Ghost populations explain how the Red-billed Chough reached the Canary Islands

Genetic analyses point to a ghost population on the African coast.

Island populations originate when small sections of the mainland population colonize remote archipelagos. So, just look for the closest mainland population and you have identified the source population. This reasoning sounds logical, but it ignores one important issue: species distributions change over time. The current range of a species does not necessarily represent the situation when the islands were colonized. The populations that fueled the island colonization might have disappeared. It is thus important to consider the possibility of these “ghost populations”. A recent study in the Journal of Biogeography investigated whether ghost populations played a role in the establishment of the Red-billed Chough (Pyrrhocorax pyrrhocorax) on the Canary Islands.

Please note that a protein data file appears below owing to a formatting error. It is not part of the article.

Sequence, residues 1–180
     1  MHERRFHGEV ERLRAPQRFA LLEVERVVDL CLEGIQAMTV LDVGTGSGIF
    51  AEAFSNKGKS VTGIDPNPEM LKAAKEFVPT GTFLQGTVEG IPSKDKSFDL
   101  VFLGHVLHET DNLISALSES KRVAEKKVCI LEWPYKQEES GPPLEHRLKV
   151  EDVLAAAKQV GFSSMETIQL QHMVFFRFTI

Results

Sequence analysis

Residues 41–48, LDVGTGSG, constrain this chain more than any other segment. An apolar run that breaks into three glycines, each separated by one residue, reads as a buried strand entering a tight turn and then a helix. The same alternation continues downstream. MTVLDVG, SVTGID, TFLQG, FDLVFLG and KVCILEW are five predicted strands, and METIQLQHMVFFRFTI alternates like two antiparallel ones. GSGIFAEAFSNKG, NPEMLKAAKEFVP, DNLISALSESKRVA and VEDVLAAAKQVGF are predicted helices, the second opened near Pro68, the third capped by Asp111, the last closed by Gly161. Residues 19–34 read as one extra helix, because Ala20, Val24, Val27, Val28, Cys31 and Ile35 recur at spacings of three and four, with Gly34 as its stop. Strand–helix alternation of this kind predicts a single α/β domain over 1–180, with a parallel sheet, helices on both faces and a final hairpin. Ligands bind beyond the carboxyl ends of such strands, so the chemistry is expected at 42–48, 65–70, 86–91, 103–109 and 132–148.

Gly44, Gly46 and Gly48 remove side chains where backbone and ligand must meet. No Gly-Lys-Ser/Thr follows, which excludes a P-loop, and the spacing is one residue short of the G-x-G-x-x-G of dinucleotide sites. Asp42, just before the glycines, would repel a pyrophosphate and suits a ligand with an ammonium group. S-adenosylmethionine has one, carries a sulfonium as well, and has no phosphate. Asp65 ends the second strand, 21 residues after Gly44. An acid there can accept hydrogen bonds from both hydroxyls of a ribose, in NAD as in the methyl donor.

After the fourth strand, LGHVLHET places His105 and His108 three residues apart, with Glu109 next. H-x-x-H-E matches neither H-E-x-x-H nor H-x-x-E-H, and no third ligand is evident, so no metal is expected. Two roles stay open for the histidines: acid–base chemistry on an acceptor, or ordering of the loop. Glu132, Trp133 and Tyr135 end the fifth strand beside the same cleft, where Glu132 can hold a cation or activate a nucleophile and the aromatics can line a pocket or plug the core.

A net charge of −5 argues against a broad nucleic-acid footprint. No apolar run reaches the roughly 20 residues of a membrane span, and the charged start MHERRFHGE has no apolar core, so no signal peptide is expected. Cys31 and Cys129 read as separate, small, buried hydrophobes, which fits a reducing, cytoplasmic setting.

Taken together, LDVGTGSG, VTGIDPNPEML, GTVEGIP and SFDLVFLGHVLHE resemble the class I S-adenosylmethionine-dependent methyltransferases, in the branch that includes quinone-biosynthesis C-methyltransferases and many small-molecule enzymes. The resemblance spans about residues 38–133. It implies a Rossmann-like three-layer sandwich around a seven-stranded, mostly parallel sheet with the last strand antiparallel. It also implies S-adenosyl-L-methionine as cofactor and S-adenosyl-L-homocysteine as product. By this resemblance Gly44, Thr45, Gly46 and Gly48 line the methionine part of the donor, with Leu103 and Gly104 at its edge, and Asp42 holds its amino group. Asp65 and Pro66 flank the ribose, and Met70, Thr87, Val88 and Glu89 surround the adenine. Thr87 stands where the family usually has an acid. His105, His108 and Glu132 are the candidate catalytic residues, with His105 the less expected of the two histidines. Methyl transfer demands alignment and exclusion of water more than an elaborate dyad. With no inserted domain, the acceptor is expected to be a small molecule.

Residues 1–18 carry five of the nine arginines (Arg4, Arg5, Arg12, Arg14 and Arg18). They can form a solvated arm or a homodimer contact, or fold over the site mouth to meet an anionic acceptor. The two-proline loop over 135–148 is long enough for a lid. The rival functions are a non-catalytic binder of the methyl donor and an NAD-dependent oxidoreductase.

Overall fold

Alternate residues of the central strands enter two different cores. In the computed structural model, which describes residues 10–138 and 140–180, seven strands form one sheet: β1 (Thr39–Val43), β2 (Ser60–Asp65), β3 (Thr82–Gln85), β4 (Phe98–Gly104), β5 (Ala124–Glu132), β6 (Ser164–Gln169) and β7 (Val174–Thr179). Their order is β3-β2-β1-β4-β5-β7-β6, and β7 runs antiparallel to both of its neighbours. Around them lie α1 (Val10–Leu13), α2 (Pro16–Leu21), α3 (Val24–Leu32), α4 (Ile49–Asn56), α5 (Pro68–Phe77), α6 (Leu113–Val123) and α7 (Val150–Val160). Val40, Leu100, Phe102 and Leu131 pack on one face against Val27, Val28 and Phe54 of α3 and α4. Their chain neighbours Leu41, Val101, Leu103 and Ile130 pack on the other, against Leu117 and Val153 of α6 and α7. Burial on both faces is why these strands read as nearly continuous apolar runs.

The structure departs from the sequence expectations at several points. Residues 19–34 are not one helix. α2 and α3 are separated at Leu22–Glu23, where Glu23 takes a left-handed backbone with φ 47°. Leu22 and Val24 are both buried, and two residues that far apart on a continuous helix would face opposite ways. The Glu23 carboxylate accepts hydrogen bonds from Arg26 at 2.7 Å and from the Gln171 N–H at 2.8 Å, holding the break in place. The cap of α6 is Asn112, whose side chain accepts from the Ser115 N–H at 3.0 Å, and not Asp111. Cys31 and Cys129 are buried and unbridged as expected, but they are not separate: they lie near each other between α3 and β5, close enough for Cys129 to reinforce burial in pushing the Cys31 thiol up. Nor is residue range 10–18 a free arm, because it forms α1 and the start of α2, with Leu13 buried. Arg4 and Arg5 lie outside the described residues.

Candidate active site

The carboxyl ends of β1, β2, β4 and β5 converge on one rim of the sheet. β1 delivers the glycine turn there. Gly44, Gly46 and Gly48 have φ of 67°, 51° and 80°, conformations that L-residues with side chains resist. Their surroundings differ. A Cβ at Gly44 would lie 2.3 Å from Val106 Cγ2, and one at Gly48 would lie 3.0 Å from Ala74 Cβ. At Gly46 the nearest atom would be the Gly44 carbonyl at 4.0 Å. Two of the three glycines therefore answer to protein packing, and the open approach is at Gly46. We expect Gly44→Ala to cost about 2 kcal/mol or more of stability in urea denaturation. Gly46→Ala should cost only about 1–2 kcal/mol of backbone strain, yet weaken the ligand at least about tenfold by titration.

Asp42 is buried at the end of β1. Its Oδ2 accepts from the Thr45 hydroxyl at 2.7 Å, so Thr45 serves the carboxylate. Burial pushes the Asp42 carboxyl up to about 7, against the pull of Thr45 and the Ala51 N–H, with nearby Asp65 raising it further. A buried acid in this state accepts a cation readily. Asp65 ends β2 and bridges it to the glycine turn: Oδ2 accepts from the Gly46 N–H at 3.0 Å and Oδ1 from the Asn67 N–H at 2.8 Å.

Colonization Scenarios

I have always associated the Red-billed Chough with alpine environments, so I was surprised to learn that this corvid also occurs on the Canary Islands. The population on the island of La Palma is even one of its strongholds in the western Palearctic with an estimated 2800 individuals. But how did the Red-billed Chough reach La Palma? When we look at its current distribution on the mainland, we can narrow it down to two source populations: Iberia (Spain and Portugal) or the Atlas Mountains in Morocco. Both populations are quite far from the Canary Islands: a trip from Iberia covers about 1200 kilometers, while the distance between Morocco and La Palma amounts to 800 kilometers. Red-billed Choughs are not known to travel such large distances, so long-distance dispersal seems unlikely.